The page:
Whilst we’re on Easter egg hunts and enjoying time spent with family on Easter Sunday, countries across the globe are celebrating the festival rather differently! Here are just a few examples of Easter around the world…
Alongside traditional Easter eggs, American children are also given baskets of candy by the Easter Bunny, who is as exciting as Santa Claus over there. An Easter Parade is held in New York City, and over in Washington the President holds an annual Easter egg roll on the White House lawn!
Czech Republic and Slovakia:
An interesting one! A tradition of the men spanking and whipping the women takes place on Easter morning, as legend has it over there that being spanked with a whip ensures women’s continued health and beauty over the next year. Some women give the men a small amount of money as a token of appreciation; however it cannot always be appreciated, as many women get their revenge by throwing cold water over the men the following day! This tradition has been adapted in Poland to become an all-day water fight on Easter Monday.
In Germany, decorated Easter eggs are hung on tree branches, creating ‘Easter egg trees’.
The tradition is to light great fires in school and church yards, as young boys enthusiastically gather wood to ensure their fire is bigger than the neighbouring one. This only ever ends badly though, with police being called out to extinguish out of control fires!
In Hungary a lovely tradition named ‘watering’ involves being sprinkled with perfume in exchange for an Easter egg.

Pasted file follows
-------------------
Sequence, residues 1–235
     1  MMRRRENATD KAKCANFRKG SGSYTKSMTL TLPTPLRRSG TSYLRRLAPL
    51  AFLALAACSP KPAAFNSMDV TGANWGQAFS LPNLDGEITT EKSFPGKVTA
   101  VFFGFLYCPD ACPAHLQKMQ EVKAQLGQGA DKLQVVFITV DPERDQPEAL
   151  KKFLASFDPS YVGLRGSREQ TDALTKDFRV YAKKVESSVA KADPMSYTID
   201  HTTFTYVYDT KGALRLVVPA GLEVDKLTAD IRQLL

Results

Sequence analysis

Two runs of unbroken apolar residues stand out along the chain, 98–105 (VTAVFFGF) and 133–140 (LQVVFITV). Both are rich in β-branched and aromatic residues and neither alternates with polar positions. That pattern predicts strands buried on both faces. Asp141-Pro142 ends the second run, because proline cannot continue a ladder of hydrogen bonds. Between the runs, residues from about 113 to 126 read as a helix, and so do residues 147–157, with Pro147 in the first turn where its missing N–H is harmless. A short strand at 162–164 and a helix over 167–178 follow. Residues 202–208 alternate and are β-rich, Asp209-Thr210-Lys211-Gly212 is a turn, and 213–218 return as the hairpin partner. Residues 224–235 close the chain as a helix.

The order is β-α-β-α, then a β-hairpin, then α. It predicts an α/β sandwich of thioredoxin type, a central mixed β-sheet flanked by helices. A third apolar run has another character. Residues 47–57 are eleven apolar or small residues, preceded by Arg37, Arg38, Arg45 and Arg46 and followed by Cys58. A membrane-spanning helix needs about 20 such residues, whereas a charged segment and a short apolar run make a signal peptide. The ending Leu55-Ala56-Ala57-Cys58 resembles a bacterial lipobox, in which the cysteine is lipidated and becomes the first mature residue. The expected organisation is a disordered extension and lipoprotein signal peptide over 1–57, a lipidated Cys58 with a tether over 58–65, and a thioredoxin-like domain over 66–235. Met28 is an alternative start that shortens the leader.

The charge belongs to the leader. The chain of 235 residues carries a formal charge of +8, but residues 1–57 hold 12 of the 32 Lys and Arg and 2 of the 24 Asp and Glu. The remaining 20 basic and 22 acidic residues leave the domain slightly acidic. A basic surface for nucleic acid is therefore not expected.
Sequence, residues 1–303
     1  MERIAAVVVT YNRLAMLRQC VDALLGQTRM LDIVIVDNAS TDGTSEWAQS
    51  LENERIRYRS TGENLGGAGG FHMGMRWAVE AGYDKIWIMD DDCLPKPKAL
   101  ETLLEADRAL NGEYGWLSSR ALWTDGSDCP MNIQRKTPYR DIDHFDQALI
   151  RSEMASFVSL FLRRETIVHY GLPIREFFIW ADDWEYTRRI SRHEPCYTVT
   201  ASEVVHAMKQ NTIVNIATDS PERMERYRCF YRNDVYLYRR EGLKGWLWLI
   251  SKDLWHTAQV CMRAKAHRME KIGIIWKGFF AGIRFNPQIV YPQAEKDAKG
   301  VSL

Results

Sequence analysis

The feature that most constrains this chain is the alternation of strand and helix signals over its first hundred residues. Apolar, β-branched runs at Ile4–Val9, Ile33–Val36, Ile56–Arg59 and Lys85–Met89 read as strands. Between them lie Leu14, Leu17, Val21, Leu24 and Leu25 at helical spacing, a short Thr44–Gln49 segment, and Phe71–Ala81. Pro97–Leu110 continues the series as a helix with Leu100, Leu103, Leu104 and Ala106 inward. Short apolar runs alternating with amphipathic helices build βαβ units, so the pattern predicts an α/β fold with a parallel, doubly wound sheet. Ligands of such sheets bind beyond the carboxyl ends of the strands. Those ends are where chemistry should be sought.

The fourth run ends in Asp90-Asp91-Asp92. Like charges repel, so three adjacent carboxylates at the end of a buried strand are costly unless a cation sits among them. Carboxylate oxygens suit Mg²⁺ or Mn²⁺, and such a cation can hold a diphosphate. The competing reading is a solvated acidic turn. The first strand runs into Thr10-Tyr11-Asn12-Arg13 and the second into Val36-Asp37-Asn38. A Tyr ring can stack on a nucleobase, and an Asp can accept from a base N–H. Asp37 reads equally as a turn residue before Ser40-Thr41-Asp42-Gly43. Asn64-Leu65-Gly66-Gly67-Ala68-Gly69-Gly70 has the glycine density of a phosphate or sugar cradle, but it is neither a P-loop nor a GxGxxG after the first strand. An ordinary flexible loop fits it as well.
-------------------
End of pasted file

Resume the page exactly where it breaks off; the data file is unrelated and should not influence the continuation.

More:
In this part of the world there lies a tradition to read and watch murder mysteries at Easter time. All the major TV channels show crime and detective shows, and novels of this genre are even scheduled to be published around Easter.
Finland, Sweden and Denmark:
These countries also celebrate Easter in a spookier way, with small children dressing as witches collecting candy door-to-door, very much like our Halloween.
This country’s traditions mirror the religious story more than others, with traditional kite flying celebrations to symbolise Christ’s ascent from the crucifix.
The Netherlands, Belgium and France:
These countries hold a myth that their church bells fly out of the steeples and go to Rome for the days leading up to Easter Sunday, therefore they don’t chime. The bells return on Easter morning, to ring out on Easter Sunday.
Scotland, North of England and Northern Ireland:
Apparently, in this neck of the woods, the tradition is to roll decorated eggs down steep hills… Maybe there just aren’t as many hills in the South?!